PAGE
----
Disability justice

20 de April, 2023

Not every blind person reads Braille and not every deaf person knows sign language (Nem toda pessoa cega lê em Braille nem toda pessoa surda se comunica em língua de sinais), 2007.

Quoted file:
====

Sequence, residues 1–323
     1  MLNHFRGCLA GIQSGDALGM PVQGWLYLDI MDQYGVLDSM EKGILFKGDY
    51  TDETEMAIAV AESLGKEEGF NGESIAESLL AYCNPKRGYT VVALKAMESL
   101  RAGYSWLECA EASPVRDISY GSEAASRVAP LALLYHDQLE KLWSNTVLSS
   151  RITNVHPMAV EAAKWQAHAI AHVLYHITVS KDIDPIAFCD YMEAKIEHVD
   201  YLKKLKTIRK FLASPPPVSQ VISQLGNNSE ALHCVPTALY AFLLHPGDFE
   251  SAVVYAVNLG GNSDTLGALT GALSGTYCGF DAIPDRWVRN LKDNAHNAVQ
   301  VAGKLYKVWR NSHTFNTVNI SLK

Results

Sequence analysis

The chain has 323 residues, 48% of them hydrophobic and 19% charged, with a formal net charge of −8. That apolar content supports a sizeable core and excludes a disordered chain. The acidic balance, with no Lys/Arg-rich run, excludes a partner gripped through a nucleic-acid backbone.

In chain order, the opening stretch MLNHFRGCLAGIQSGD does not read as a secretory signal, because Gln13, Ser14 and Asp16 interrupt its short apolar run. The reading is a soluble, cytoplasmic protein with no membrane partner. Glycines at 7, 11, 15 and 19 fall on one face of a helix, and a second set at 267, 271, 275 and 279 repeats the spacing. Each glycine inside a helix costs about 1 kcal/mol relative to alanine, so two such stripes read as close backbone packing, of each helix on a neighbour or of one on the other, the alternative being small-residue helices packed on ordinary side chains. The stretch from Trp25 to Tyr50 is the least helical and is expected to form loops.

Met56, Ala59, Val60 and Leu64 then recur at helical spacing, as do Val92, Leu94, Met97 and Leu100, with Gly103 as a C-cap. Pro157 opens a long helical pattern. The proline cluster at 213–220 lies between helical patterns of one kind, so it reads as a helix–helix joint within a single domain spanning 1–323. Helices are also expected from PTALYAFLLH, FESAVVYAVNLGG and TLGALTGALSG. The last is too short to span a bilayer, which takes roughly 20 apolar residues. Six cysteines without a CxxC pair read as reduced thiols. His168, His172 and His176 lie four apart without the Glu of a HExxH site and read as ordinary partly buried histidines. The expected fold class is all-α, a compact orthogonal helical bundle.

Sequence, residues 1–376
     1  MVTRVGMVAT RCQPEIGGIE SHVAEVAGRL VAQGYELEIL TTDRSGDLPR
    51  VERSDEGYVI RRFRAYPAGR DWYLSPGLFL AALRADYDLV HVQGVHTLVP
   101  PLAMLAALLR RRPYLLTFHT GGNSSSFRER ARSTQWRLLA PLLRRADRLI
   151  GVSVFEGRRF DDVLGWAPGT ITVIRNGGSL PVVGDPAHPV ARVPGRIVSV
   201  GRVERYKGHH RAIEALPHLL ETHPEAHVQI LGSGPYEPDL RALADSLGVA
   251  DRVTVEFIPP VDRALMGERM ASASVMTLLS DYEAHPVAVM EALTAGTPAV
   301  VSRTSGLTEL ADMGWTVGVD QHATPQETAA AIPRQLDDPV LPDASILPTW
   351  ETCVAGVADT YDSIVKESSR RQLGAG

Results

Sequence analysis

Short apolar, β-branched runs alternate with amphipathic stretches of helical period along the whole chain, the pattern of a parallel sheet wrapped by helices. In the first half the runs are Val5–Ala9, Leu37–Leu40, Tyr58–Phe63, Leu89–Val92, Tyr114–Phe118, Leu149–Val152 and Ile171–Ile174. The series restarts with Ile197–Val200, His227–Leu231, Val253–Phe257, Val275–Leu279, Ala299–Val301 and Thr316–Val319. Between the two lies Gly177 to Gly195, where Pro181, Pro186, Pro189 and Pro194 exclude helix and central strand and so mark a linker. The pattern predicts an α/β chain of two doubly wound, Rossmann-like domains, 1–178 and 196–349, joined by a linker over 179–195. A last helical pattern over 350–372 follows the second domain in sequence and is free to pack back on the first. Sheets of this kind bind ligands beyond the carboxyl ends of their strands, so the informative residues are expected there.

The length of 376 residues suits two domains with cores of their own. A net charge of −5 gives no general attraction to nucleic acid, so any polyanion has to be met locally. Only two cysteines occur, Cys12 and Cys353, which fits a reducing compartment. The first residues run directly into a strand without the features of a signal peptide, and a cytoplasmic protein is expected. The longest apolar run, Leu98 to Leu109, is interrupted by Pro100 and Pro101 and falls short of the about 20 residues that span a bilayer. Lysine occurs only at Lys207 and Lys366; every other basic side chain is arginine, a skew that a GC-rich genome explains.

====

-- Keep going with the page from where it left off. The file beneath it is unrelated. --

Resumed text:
This paper aims to discuss and present some differences regarding the access to information and to communication among people who, despite having similar disabilities, experience different inabilities. The methodological approach used in the study focuses specifically on people with non-simultaneous visual or hearing impairments, with an emphasis on blind or deaf people. The conceptual framework used is the same one adopted by the ICF-WHO classification, and the theoretical framework is complemented with the contributions from other authors which have developed studies related to the issue of inabilities. In addition to the bibliographical research, the methodology includes data collected in previous studies and observations of adult people in situations that require access to information and to communication. The results reveal the diversity among people with the same type of sensory impairment and point out some of the mistakes and problems that may ensue when such diversity is not considered. The study leads to the conclusion that the differences found among people with the same kind of sensory disability are defined both by their individual preferences and by their individual limitations and abilities.

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